Stopping the pipeline

Legislation introduced by Rep. Sandra Hollins, D-Salt Lake City, aimed at dismantling Utah’s School-to-Prison Pipeline experienced some success in the session this year. Inspiration for Hollins’ legislation came from a report issued by the law school’s Public Policy Clinic,  “From Fingerpaint to Fingerprints: The School-to-Prison Pipeline in Utah,” in which researchers found that school disciplinary actions handed down to students at Utah public schools disproportionately impact students of color and students with disabilities enrolled in the state’s public education system. The statistics in the report are startling. For example, students identified with disabilities are twice as likely to receive a school disciplinary action as students without a disability.  Studies show that suspension and expulsion rates are closely correlated with dropout and delinquency rates, and have tremendous economic costs. Referrals to law enforcement and arrests at school are the harshest forms of school disciplinary action and expose students directly to the juvenile justice system, according to the researchers. Such students often become part of the “school-to-prison pipeline,” or STPP, wherein children are funneled out of public schools and into the juvenile and criminal justice systems through a combination of overly harsh Zero-Tolerance school policies and the increased involvement of law enforcement in schools. Since the report was issued, law students have collaborated with community partners and have organized several initiatives to try to shed light on the issue. They are available to talk about their research findings, community events and how Hollins’ legislation is a step toward positive change.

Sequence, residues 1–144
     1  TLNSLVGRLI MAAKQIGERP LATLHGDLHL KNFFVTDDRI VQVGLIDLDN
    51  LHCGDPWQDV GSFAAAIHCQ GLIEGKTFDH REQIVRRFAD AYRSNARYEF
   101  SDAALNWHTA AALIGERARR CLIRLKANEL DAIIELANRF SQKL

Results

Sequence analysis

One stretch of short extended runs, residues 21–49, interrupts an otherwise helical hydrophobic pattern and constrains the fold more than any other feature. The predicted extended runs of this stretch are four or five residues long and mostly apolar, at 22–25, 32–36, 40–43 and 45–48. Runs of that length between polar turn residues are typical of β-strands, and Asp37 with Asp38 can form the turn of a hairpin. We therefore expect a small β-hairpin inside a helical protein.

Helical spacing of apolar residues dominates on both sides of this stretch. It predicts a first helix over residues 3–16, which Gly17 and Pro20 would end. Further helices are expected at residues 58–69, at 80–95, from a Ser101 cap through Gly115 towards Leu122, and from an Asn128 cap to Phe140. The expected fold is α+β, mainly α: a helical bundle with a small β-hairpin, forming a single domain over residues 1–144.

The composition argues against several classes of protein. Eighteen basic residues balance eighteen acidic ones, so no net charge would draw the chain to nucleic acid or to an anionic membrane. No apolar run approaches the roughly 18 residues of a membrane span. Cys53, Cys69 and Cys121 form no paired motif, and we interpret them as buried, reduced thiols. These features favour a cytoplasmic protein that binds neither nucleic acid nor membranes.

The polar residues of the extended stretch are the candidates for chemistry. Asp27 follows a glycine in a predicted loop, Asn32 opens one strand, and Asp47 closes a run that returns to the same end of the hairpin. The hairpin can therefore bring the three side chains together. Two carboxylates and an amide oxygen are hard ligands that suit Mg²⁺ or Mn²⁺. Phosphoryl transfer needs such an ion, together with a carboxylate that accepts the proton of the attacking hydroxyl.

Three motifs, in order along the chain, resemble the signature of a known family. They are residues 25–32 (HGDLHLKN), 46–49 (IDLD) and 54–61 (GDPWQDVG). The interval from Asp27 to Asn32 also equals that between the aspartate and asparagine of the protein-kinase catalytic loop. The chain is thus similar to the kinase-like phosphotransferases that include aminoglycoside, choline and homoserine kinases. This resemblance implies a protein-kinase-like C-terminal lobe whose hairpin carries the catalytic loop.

Lincoln Nehring, director of the S.J. Quinney College of Law Public Policy Clinic at the University of Utah, Lincoln.nehring

Vanessa Walsh, J.D. Candidate,  S.J. Quinney College of Law, 801-910-1503,